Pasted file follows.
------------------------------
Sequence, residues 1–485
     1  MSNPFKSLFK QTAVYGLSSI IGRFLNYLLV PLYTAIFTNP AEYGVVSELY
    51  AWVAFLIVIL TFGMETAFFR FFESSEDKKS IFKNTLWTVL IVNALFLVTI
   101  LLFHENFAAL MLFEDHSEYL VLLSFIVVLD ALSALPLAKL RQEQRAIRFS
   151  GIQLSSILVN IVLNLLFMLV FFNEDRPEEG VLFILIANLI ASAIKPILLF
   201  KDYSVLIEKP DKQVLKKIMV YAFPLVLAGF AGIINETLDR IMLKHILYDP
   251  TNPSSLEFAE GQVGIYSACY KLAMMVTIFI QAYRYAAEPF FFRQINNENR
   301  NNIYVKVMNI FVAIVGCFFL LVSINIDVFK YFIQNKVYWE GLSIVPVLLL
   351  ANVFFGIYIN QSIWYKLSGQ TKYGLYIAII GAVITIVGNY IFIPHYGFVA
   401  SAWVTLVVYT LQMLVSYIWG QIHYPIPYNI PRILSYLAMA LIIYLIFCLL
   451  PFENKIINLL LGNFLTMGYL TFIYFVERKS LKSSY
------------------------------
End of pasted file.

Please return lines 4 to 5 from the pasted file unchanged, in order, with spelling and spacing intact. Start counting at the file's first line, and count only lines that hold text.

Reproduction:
   101  LLFHENFAAL MLFEDHSEYL VLLSFIVVLD ALSALPLAKL RQEQRAIRFS
   151  GIQLSSILVN IVLNLLFMLV FFNEDRPEEG VLFILIANLI ASAIKPILLF